Prasad (1998) many patients e diagnosed with conditions with a significant depressive component such as seasonal affective disorder (or winter depression), premenstrual stress syndrome, or nicotine withdrawal e consume large quantities of carbohydraterich food to elevate their mood. Consumption of carbohydraterich food may elevate mood in such individuals by raising brain serotonin levels. As mentioned above a meal high in carbohydrate increased the rate that tryptophan enters the brain, leading to an increase in the level of the neurotransmitter serotonin that modulates mood (Benton & Donohoe, 1999). Depressive disorders such as depression, melancholy, seasonal affective disorders constitute more than one fourth of all health problems in the world. It is estimated that after 2020 the depressive disorders will be the second most prevalent health problem in the world (Lecrubier, 2001; Murray & Lopez, 1996). Based on the above explanations relating to emotional disorders managers of hospitality businesses are recommended to design their service offerings, e.g. their servicescapes, in such a way to create positive emotions and moods for their customers. Additionally, mood enhancing foods and beverages (see above), the physical design of the facilities of the hospitality establishment (e.g. using soft colours, freshly cut flowers in terms of both appearance and their smells; ergonomically designed furniture’s; and calming music may create positive emotions and moods). One of the main motivations of tourism is to put back, i.e. a kind of balancing act, what daily hectic life takes away from individuals (Koc, 2013b). Stress in daily e ordinary life e can be a huge drain on the serotonin reserves. As mentioned above serotonin as one of the most important neurotransmitters influences people’s happiness, levels of energy and their cognitive abilities. Tourists may increase their serotonin levels on holidays which have been purposefully designed, i.e. to put back what ordinary life has taken away from them. 3. Conclusion The study suggests a unique approach to consumer/tourist behaviour called psychoneurobiochemistry. This pioneering preliminary study is an attempt to explore and relate some of the potentially relevant studies in psychology, neurology, biology and chemistry to tourism marketing. As this is a preliminary study only a few of the perspectives have been analysed and synthesized. It is seen that psychoneurobiochemistry has significant potential implications for the tourism and hospitality sectors. The practitioners in these sectors may and can design their offerings better by making enhancements on their 7 P s (tourism and hospitality product, price, place, promotion, physical evidences, processes and people) as explained above and hence increase their customer satisfaction and loyalty. Increasing customer satisfaction and loyalty may produce a number of positive outcomes such as increased profits and decreased costs. However, as mentioned above this is a preliminary study, and it must be borne in mind that there is need for further analysis and synthesis of research studies in above disciplines from the perspective of tourism and consumer behaviour. It must also be remembered that there are ethical repercussions of the matter. The practitioners should not see research findings in the field of psychoneurobiochemistry as a means to establish customer captivity. The managers of tourism and hospitality establishments are recommended to follow the recommendations offered, as they are operating in a highly competitive and fast changing market. The move from General Interest Tourism (GIT) to Special Interest Tourism (SIT) alone is enough reason to urge managers to take psychoneurobiochemistry of tourism into account.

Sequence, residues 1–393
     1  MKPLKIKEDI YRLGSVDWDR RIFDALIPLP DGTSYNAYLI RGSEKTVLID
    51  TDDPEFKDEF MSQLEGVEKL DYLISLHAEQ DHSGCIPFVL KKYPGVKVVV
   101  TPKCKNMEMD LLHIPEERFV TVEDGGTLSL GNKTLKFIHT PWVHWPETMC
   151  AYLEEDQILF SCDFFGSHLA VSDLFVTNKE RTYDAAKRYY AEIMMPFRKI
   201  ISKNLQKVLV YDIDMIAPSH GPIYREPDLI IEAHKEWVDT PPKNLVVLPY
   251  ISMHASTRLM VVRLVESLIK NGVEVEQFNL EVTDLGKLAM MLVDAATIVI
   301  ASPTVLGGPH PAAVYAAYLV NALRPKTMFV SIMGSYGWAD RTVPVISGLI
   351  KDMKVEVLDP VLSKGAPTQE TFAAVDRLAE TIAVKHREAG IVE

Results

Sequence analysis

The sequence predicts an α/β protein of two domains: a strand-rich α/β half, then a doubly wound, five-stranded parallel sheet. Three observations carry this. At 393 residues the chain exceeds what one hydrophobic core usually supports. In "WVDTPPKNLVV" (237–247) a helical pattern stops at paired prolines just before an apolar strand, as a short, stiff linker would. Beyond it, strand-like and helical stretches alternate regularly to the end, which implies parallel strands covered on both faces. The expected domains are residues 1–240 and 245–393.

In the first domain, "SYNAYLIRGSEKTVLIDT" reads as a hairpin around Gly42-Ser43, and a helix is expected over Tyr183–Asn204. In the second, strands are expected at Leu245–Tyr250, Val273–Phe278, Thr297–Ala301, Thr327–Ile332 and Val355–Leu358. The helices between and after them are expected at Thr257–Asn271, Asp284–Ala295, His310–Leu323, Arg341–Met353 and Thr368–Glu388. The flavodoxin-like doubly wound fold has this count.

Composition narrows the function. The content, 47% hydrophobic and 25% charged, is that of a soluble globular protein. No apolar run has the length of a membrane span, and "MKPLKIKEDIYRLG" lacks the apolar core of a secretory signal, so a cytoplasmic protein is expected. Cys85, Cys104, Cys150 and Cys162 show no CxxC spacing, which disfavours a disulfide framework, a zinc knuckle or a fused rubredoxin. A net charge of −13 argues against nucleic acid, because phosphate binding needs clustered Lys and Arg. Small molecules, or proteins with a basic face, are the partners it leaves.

Table 3 A summary of the main characteristics of emotions and moods. Emotions Duration Intensity Intention Action Tendency Source: Bagozzi et al. (1999). Last Shorter Higher Intentional Direct and Explicit Moods Last Longer Lower Non-Intentional Indirect and Implicit


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Dr Erdogan Koc is professor of marketing at Balikesir University, Bandirma Faculty of Economics and Administrative Sciences, Turkey. He is the chair and head of department of business administration. He has written several journal articles and book chapters published by internationally reputable publishers. He serves on the editorial boards of a number of journals and has acted as an ad hoc referee for more than fifteen respectable journals. His research primarily focuses on the human element (both as consumer and employee) in tourism and hospitality. He provides consultancy and training services for the service sector businesses.

Mr Hakan Boz is lecturer at Usak University’s School of Applied Sciences. Prior to joining the academia he has held various positions in the tourism and hospitality sector business. He has over ten years of experience in these sectors. He carries out research to better understand consumer and employee behaviour in the tourism and hospitality sectors, especially by using equipments such as EEG and fMRI together with Professor Erdogan Koc.